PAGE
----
Sci '44 Co-op

This independent, non-profit housing cooperative was founded by a group of engineering students in 1941, when the wartime boom in Kingston was creating an acute shortage of housing for students. The co-op idea was an innovation since the preferred form of accommodation at that time was in boarding houses (there were no men's residences yet, and only one women's residence, Ban Righ Hall).

The first co-op house, for men only, was at 329 Earl Street, where Harkness Hall is now located; the first house for women was added in 1945 at 144 Albert Street.

Inside Science ’44 Co-op, 1969
Science ’44 Co-op residents listening to music inside one of the houses in 1969.

The outbreak of war in 1939 pushed Kingston out of the Depression as military activity burgeoned as troops poured into the Barriefield base for training. Industrial production such as shipbuilding, aluminum fabrication and nylon manufacture boomed. Between 1939 and 1943, Kingston’s population grew by 9,000 people. Such growth strained the town’s housing supply, and Queen’s students soon felt its effects.

The university didn’t have on-campus accommodation for its male students; women had Ban Righ Hall and a collection of designated houses clustered around the campus. Traditionally, male students had fanned out into the boarding houses of Sydenham Ward, but, with the hot wartime economy, beds were becoming scarce. Encountering this situation in the fall of 1940, a group of Science ’44 freshmen began talking about taking matters into their own hands after hearing that University of Toronto students facing similar conditions had embraced cooperative principles.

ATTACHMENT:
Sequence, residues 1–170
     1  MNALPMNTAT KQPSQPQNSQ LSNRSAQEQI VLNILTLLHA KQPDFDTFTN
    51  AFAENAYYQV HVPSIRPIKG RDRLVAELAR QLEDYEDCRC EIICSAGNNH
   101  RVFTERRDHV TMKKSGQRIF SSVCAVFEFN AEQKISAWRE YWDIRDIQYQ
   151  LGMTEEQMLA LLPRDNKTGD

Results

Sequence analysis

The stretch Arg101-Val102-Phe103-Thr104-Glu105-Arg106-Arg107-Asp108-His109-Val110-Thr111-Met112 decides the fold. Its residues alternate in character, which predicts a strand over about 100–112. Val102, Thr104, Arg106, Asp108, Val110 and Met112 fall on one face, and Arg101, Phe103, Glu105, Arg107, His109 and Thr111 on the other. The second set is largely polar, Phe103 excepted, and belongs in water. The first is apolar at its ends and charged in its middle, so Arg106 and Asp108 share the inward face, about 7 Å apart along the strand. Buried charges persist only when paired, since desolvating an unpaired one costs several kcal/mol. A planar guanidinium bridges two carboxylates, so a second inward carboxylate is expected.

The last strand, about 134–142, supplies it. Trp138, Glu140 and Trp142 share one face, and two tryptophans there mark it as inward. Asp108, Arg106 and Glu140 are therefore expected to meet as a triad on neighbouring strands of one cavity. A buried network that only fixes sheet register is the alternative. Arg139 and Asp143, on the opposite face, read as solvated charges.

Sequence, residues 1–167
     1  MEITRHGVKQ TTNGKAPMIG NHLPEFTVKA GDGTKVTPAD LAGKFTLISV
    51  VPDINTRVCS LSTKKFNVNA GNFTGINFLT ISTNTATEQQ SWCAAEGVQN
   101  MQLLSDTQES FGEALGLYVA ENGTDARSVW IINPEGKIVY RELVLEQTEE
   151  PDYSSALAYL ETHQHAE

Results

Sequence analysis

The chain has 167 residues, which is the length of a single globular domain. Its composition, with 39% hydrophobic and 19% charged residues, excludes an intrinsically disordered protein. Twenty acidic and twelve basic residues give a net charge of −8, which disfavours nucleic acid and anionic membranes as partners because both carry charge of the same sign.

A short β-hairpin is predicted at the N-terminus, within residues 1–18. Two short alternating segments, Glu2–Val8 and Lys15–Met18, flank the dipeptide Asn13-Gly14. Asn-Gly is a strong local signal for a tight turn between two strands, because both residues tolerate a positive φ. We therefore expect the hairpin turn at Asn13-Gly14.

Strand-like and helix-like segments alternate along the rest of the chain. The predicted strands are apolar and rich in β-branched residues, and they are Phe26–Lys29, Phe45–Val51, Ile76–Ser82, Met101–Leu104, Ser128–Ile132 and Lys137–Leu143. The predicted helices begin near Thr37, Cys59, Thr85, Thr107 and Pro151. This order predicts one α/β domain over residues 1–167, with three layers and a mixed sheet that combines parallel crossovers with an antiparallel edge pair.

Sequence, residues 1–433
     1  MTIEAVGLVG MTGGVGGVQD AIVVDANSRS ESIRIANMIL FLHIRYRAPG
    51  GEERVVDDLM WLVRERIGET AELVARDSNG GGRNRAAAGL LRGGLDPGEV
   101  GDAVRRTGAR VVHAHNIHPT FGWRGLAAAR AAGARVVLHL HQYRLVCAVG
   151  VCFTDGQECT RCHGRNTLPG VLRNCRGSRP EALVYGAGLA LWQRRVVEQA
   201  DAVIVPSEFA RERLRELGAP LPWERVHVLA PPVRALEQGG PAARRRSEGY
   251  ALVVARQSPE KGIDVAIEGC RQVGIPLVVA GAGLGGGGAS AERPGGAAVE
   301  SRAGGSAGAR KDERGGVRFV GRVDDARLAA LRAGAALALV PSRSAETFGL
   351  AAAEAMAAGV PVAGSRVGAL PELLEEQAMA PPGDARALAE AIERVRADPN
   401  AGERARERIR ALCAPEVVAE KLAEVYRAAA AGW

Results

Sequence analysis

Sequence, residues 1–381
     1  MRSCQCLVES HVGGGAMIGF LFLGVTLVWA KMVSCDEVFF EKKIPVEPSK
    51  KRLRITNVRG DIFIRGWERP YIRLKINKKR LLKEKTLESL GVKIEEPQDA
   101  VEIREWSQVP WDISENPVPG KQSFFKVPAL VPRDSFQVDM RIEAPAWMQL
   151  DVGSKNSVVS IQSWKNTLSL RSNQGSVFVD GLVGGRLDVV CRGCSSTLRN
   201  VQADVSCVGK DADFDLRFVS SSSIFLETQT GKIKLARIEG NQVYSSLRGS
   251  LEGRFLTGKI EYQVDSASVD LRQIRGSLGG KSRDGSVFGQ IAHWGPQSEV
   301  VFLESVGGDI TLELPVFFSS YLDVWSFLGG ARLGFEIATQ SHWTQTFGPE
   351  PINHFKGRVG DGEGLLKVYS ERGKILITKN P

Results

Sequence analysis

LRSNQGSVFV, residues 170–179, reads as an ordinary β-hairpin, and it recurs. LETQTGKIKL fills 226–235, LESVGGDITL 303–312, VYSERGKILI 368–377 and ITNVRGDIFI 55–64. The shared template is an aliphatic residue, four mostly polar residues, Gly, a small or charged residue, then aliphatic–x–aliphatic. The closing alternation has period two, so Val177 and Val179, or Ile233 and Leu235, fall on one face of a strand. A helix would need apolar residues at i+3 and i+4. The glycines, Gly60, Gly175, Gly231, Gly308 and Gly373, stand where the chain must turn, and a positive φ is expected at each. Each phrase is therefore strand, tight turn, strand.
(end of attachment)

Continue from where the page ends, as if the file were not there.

By the fall of 1941, a house at 329 Earl Street was ready to open its doors to 16 young owner-tenants. While students did all legal, financial and logistical footwork, Principal Wallace had used his influence to attract a sponsor, prominent applied science graduate Everett Alfred Collins of Science 1905 who had become a senior executive with INCO in New York. Collins agreed to purchase a roomy brick house on Earl St. and turn it over to the university so that it could be put under a long-term lease with Science ’44 Co-operative Incorporated.

Would-be tenants were obliged to become co-op members, paying a dollar a year for the privilege. Room and board cost $8 a week. A cook was hired to prepare meals, but residents were expected to supply their own labour five hours a week for tasks ranging from snow removal to furnace tending. The formula proved workable: in 1941–42 the co-op covered its costs of $6.80 per resident per week and thereby declared a cash dividend of $531.41. Collins House, as it was called, was joined by Berry and Boucher Houses, the latter for women only.

Science ’44 Co-op quickly developed a rich communal life. As students washed dishes or chopped firewood, they got to know one another and built a community. Skating parties, ski trips, canoeing, and sing-songs rounded out the experience.

[Science ’44 Co-op residents gathered on the steps of one of their houses in the late 1950s]
Science ’44 Co-op residents gathered on the steps of one of their houses in the late 1950s.

From the outset, co-op culture was about inclusion, and not just for engineering students. Famously, in 1942, when Alfred Bader arrived at Queen’s as a refugee from Europe, the dean of Applied Science sent him to the Science ’44 Co-op where he was given a room and a welcome.

In the 1960s, the co-op encountered financial difficulties and courted bankruptcy, but a 1968 reorganization and a boost from the Board of Trustees and the AMS gave it new life. Subsequent funding from the Canada Mortgage and Housing Corporation allowed the co-op to expand its base, so that today it boasts an larger inventory of houses, full and part-time staff of eight, and accommodation for both Queen’s and St. Lawrence College students.

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